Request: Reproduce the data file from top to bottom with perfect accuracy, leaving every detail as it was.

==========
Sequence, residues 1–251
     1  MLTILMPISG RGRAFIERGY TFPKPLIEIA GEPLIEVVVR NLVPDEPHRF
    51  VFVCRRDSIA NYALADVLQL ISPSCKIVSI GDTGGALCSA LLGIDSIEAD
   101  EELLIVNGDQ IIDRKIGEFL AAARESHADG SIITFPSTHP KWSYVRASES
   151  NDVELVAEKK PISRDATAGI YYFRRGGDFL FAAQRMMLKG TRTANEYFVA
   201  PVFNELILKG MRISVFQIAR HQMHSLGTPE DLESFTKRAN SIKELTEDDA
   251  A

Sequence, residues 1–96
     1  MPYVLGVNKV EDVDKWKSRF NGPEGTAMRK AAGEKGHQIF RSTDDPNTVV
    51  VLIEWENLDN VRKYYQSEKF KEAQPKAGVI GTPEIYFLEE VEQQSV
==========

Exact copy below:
Sequence, residues 1–251
     1  MLTILMPISG RGRAFIERGY TFPKPLIEIA GEPLIEVVVR NLVPDEPHRF
    51  VFVCRRDSIA NYALADVLQL ISPSCKIVSI GDTGGALCSA LLGIDSIEAD
   101  EELLIVNGDQ IIDRKIGEFL AAARESHADG SIITFPSTHP KWSYVRASES
   151  NDVELVAEKK PISRDATAGI YYFRRGGDFL FAAQRMMLKG TRTANEYFVA
   201  PVFNELILKG MRISVFQIAR HQMHSLGTPE DLESFTKRAN SIKELTEDDA
   251  A

Sequence, residues 1–96
     1  MPYVLGVNKV EDVDKWKSRF NGPEGTAMRK AAGEKGHQIF RSTDDPNTVV
    51  VLIEWENLDN VRKYYQSEKF KEAQPKAGVI GTPEIYFLEE VEQQSV